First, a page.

The Simple Secret To Happiness pg5

To make life a billion times better, you need to learn this single bliss trick: just pare down.

COSMO girls have a lot going on: things to do, people to see, objects to buy… And while we assume that packing it all in enriches our existence, it actually has the opposite effect. ‘Overabundance, whether it’s a surplus of stuff, commitments, or even mental clutter, can have a negative effect on your quality of life,’ says psychology professor, Dr Tal Ben-Shahar. ‘You get so overloaded that you fail to enjoy the simple pleasures right in front of you.’

Proof: Even though people are wealthier and have more choices than ever before, studies find they’re also more unsatisfied and depressed. The remedy? Realising that, when it comes to what brings happiness, less is more. We’re not just talking about purging material things (though that’s one part), but about letting go of excess worry, obligations and relationships that drain you. Here’s how to unburden to find bliss.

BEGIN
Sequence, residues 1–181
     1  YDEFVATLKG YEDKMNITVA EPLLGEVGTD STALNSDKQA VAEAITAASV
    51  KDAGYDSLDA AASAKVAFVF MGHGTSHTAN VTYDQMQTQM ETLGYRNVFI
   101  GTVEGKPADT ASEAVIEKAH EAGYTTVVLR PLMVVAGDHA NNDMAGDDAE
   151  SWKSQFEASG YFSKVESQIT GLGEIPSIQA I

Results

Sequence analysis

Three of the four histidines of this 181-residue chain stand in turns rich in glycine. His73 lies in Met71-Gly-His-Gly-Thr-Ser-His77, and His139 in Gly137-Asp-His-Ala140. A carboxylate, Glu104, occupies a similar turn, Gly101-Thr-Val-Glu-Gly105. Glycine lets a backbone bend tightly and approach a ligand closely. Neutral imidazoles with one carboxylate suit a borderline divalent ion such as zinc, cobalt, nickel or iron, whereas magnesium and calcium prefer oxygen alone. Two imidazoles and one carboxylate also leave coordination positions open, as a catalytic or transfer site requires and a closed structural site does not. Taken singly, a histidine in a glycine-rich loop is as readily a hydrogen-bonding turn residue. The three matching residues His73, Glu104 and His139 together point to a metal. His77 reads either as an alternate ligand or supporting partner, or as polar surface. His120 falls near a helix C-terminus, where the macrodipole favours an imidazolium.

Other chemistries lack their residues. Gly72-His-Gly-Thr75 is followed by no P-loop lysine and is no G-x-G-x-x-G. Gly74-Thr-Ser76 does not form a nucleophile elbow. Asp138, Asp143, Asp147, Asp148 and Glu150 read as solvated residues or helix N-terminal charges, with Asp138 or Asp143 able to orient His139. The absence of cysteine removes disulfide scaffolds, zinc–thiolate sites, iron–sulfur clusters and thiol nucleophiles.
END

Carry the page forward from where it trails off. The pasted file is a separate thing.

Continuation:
Fretting over things you can’t control, like the weather or someone else’s opinion, just crowds your brain with toxic thoughts, says psychologist Mark Leary, author of The Curse of the Self (Oxford University Press, USA). Learn to let go of those what-ifs.
• Stop the mental tug-of-war: Instead of belabouring something like calorie counts, choose whatever brings the least baggage. If salad makes you feel deprived, causing you to binge later, eat pizza. If pizza makes you feel guilty, eat salad. Know yourself, commit, and move on.
• Get a reality check: During freak-outs, remind yourself, everything is okay right now, says Leary. Example: If you’re stressing at night over the big meeting tomorrow, remember that you’re actually cosy in bed, not sweating in a conference room. Once you see how many mini-crises are self-created, you’ll have fewer of them.
• Take the backseat: A study found that people are just as happy when a choice is made for them as they are when they make the decision themselves. Always being the decider creates more work and worry for you (‘What if I pick wrong?’), so let other people have the final say sometimes. Let your friend choose what film to see, or ask the waiter to recommend one of two starters you can’t decide between.


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